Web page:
The Capitalist dogma of the last century holds that a recession arises due to business cycles i.e. more supply than demand. The dogma says that invigorating demand is the key to get out of a recession. Tax cuts give the wherewithal for the populace to spend and thus to create the demand and this in turn helps to get out of a recession. The basic premise of this dogma is a national economy as a relatively closed system. Hence, tax cut induced more residue of money in the pockets of people finds it’s way in the increasing consumption – the consumption that is fulfilled by production capabilities within the closed system of the national economy. The tax cut residue also finds the way as investments in increasing the production within the closed system. Tax cuts may increase the deficits, but by printing more currency State takes over more debt and kick starts the recovery. In a way State is the only entity which can be outside the spell of market forces and that is what is fully exploited here. Inflationary pressure of increased notes printing is generally addressed due to the wider availability of labor pool during recessions. So there could be short periods of unemployment for workers but as long as demand increase takes place (apart from tax cuts, natural population increase is also one dominant reason); the economy would find a way out of a recession.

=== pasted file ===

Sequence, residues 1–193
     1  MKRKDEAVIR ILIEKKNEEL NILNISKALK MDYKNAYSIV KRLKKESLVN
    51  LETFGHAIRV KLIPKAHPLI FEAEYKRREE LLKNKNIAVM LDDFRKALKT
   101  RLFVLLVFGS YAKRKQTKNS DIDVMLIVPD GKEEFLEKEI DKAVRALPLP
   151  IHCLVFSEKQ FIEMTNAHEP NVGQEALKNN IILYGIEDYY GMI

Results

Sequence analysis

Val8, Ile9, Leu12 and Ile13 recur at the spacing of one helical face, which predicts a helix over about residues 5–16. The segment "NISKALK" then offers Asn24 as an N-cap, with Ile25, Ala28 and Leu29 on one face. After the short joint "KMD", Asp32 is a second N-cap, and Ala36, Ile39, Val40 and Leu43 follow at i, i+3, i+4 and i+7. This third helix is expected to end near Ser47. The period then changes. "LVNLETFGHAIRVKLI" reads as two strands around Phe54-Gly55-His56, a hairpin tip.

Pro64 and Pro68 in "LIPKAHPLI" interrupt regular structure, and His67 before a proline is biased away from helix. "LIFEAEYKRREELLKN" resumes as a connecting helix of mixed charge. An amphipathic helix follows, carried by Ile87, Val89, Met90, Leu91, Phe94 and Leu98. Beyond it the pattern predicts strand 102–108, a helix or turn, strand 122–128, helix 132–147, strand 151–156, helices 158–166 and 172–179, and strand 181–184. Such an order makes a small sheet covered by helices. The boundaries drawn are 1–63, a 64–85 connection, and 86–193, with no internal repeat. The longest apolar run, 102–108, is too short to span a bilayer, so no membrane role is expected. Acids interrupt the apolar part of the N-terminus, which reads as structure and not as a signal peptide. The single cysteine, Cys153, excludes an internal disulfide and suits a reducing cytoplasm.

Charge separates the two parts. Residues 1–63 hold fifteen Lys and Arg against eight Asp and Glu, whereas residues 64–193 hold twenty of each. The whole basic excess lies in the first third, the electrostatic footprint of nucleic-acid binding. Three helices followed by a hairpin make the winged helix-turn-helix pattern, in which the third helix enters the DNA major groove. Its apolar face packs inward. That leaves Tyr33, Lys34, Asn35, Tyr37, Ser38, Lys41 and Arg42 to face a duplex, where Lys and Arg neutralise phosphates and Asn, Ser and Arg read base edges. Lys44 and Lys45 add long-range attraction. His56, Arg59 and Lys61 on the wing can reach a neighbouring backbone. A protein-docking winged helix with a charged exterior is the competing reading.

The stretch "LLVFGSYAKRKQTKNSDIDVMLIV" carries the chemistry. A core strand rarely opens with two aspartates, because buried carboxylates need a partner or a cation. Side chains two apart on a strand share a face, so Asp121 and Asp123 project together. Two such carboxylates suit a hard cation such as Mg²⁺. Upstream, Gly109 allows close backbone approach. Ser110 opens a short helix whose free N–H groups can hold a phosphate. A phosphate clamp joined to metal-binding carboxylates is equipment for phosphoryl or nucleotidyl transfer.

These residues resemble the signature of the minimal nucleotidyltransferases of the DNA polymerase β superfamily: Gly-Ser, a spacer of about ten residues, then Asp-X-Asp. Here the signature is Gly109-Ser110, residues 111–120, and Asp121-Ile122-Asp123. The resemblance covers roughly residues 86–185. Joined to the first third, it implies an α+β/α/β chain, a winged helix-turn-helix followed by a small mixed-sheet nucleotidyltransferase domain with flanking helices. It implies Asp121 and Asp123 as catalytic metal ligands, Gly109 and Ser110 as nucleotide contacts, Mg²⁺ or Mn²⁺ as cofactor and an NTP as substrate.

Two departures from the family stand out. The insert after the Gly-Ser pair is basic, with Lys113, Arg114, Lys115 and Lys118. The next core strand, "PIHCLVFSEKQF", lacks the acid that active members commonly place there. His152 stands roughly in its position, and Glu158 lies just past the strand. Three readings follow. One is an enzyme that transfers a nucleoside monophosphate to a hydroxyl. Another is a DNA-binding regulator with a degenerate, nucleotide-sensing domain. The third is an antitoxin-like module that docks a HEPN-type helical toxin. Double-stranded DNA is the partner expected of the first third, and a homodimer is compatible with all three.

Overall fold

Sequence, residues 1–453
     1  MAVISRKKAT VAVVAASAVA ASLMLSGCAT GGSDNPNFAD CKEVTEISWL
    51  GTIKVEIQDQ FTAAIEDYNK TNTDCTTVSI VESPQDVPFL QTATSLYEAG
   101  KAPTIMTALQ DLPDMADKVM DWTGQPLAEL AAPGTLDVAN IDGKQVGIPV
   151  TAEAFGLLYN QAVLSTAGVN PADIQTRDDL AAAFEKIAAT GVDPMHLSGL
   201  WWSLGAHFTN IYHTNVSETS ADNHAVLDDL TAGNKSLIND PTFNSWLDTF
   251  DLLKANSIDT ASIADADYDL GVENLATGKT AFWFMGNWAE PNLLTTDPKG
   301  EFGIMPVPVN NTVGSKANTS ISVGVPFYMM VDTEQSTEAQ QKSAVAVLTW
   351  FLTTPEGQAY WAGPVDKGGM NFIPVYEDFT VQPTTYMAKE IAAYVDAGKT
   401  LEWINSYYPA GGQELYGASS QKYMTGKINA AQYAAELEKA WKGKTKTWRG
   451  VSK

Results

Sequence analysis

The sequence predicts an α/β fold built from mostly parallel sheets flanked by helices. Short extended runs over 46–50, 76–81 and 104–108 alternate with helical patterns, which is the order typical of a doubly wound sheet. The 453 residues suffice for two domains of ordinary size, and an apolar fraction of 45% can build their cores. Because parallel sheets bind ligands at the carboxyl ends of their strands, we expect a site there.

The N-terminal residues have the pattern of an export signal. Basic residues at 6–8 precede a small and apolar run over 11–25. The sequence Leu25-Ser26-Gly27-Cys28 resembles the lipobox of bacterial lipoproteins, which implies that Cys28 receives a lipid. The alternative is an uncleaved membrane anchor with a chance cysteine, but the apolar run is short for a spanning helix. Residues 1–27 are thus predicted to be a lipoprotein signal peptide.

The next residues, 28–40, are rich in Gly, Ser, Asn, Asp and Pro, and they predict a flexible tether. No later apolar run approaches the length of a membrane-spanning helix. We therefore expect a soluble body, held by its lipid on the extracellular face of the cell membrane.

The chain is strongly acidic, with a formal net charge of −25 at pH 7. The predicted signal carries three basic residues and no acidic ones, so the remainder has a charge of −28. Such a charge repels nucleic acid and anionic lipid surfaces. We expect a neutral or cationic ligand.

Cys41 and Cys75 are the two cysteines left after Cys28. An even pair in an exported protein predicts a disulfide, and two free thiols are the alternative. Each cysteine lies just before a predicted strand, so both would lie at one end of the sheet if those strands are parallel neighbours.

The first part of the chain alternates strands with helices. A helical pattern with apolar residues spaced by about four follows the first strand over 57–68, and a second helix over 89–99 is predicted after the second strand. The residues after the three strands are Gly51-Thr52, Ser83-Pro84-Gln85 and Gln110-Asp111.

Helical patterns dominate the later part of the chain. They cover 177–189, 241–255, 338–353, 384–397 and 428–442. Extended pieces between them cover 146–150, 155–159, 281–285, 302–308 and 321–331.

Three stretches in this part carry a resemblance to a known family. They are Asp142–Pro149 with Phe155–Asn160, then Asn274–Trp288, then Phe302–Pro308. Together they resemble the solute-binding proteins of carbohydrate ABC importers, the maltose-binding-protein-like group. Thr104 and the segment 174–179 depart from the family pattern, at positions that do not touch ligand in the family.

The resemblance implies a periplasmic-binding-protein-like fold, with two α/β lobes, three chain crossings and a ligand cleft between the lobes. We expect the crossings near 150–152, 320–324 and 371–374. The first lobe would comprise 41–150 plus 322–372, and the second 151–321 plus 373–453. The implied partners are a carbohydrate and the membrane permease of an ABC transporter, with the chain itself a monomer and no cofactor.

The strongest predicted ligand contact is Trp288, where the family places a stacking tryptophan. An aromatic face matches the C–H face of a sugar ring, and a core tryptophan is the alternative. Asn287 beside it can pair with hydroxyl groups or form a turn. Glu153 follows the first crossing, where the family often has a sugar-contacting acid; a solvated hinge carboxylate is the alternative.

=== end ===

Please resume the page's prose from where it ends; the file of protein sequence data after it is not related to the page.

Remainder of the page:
On this background the original New Deal addressed the question of what happens to workers after the active employment life i.e. in retirement. Since Business has to remain within the relative confinements of national boundaries, it would create the necessary jobs through out the active life of an employee. In a way Business depended on State to get the necessary supply of Labor. Due to this dependency, State could even ask Business to take care of some health care costs of workers during employment and some retirement cost in the form of pension. The health care costs have been relatively manageable till 1980s also helped Business not to fret about these costs. Granted, there have been tax incentives for Business to shoulder health care costs of Labor. But implicit to all this has been the expectation of a reasonable growth rate of health care costs. With that expectations Business took the bargain with the State. Similarly, Business agreed for some portions of pension costs also. All these contributions from the employer made the State to take responsibility of remaining costs of Labor – the retirement cost what is left after pension and health care costs during retirement. As long as national economies remained fairly understood as a closed system, this deal among State, Business and Labor appeared to be sustainable. Despite the thriving International Trade; large part of consumption and production were primarily determined within national economies. In other words this closed system of national economy made it possible for the State to push out some Labor related costs on the plate of Business and then the State covered the balance in the New Deal.